The opening chapter of the third part introduces this notion of incarnation ecclesial leadership as friendship, which is then explored more fully through John 15:12–17 and Jesus’ description of the disciples as friends. Lynch considers how Aelred of Rievaulx interpreted this passage before examining how friendship is understood in the work of Thomas Aquinas, Søren Kierkegaard, and Anders Nygren. She concludes that Christian friendship is characterized by (1) a shared pursuit of God with sacramental, transformative, and eschatological implications; (2) limited particularity, albeit not exclusivity; (3) preference as an affective liking; (4) mutual benevolence undergirded by trust; and (5) recognition of different degrees on intimacy (168).

The fourth and final part seeks to work out these ideas in terms of ecclesial leadership. Lynch maintains that the kenotic offering of self in leadership is not without cost to the individual and is shaped by communal context. Once again she emphasizes the significance of story, arguing that the hermeneutical frame of the ecclesial community is “an important leadership component by which believers are enabled to make choices such that their own stories and symbols (both as many individuals and as one body) remain consistent with the larger narrative of the One in whom they participate” (181). Within this narrative framework the role of power continues to play a critical part, and she identifies “a cruciform exercise of power” (193) as fundamental to incarnational ecclesial leadership.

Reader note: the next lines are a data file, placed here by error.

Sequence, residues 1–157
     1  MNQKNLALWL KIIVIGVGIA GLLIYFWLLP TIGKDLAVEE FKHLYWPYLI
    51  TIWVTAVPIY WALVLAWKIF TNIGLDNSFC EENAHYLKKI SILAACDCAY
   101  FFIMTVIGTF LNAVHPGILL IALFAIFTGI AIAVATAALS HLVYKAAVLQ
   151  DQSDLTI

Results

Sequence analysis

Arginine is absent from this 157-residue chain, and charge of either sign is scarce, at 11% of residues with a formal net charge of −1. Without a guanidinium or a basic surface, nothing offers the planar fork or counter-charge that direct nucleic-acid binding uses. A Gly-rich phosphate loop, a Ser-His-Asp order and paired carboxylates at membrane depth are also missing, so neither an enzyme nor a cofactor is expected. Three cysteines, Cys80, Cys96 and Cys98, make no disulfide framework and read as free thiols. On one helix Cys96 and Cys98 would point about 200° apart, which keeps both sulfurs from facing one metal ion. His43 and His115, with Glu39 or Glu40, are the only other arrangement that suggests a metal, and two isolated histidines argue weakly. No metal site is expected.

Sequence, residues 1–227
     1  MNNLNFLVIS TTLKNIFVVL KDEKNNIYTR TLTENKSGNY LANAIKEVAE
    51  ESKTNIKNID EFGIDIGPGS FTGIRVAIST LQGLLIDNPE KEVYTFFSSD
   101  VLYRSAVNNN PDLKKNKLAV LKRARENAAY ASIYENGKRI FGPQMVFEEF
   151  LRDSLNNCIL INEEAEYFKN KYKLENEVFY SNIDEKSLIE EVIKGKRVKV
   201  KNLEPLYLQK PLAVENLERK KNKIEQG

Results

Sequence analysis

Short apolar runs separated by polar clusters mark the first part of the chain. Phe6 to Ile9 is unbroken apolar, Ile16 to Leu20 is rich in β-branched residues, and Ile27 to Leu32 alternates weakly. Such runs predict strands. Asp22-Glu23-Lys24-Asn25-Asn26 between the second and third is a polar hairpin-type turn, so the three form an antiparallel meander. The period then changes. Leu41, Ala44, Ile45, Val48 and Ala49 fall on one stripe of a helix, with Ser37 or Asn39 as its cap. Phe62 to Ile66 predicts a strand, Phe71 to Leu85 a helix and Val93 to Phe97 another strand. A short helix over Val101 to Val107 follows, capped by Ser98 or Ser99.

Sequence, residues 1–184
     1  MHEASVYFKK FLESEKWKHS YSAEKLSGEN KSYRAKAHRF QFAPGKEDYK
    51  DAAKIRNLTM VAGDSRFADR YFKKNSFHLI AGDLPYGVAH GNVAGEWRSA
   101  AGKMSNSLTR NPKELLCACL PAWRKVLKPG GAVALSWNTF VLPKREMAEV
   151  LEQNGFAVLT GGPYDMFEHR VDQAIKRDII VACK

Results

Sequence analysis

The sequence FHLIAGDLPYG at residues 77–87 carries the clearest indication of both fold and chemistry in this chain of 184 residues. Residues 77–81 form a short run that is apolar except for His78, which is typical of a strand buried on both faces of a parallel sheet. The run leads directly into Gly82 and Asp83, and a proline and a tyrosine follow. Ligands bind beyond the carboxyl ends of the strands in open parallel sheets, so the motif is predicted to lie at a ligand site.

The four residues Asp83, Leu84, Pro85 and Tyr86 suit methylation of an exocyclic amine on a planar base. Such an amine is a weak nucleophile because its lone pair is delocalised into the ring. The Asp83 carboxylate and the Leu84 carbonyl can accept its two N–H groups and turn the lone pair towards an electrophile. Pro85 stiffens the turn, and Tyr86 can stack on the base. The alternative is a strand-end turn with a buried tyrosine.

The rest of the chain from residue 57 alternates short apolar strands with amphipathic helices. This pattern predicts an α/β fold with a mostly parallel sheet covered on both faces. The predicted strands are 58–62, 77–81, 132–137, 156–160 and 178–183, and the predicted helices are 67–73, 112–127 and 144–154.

In her concluding chapter, Lynch acknowledges that the ideas she has set out can be both risky and costly, but then, she contends, so was the ministry of Jesus. Thus, she states: “The telos of incarnational ecclesial leadership is, rather, the deepening participation of believers in Christ’s life and ministry of love towards the Father which overflows to humanity. This is the end to which leadership must direct the church and the process by which influence towards that end occurs is a praxis of friendship” (208). It is within this context that power should be used in churches and congregations.

Lynch’s book is an enormously stimulating and engaging exploration of leadership in the church. The author writes out of her own evangelical background, and it is refreshing to read a sustained reflection on leadership from this context that is not just about functional notions of church growth. Lynch deals equally seriously with theological ideas and insights from organization studies. This book deserves to be read widely and published in a more accessible paperback version.

About the Reviewer(s): 

Vaughan S. Roberts is rector at the Collegiate Church of St Mary, Warwick, UK and chair of the MODEM Hub for Leadership, Management and Ministry.

Date of Review: 
February 19, 2021
About the Author(s)/Editor(s)/Translator(s): 

Chloe Lynch is Lecturer in Practical Theology at London School of Theology.